Intel workers cannot be left pondering their fate
Published 29/04/2016 | 02:30
As if discovering that their jobs are under threat wasn't bad enough, thousands of Intel workers in Kildare, Clare and Cork must now wait until next week before learning their fate.
Not until after the Bank Holiday weekend, next Tuesday or Wednesday, will staff be told about the numbers of people expected to be let go across the company's sites, what areas of the business will be affected and what the terms of any redundancy package will be.
This is simply not good enough. Workers deserve to be told their fate, and not be forced to spend days worrying about whether they have to find a new job.
Intel's decision to shed 12,000 jobs worldwide was not made in haste. The computer chip maker last week said the cuts would include "voluntary and involuntary departures" from its operations, aimed at generating annual savings of some $1.4bn (€1.2bn) a year. But it has refused to give 'site-specific' information.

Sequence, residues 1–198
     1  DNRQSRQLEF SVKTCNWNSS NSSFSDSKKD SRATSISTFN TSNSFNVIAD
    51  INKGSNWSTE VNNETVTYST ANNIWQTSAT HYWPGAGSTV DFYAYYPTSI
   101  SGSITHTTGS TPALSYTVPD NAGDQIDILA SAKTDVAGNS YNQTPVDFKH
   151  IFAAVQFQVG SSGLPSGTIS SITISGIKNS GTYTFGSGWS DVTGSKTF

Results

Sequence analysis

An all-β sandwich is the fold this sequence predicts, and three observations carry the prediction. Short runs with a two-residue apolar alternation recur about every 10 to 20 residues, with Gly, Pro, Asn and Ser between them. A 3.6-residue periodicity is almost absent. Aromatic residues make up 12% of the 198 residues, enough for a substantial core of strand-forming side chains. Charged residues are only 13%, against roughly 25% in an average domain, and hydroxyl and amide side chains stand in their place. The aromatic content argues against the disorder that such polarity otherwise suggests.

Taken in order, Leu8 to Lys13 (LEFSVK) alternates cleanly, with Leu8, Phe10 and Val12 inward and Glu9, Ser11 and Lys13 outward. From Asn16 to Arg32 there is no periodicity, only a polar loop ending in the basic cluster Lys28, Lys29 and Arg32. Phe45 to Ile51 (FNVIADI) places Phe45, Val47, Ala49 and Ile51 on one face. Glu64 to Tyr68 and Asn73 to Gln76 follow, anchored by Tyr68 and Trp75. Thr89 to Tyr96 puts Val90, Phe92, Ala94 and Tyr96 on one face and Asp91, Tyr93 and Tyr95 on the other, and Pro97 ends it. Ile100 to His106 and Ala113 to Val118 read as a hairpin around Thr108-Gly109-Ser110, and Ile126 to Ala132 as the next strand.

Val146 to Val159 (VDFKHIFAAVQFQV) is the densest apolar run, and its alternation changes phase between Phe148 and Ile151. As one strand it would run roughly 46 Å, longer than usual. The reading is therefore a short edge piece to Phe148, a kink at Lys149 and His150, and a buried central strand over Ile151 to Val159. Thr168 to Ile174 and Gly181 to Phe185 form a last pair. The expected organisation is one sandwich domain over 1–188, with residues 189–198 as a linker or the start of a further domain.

This is some way removed from best practice.
Management must know the locations affected and types of jobs they no longer profess to need. Leaving those in the firing line on tenterhooks shows little regard for the very real human impact that will ensue once the job losses are announced. Not only will workers be affected, but so will their partners and children, not to mention local businesses.
Whatever about the fledgling economic recovery, some will find it difficult to secure alternative employment, not least because so many people with similar skill sets will enter the jobs market at the same time.
Intel has conducted operations in Ireland for 30 years, and employs more than 5,000. As one of the country's biggest multinational employers, it has invested billions of euro and through payment of its corporation taxes helped us in the darkest hours of the recession.
But that doesn't negate the need to treat workers fairly and with compassion. Those affected must be told.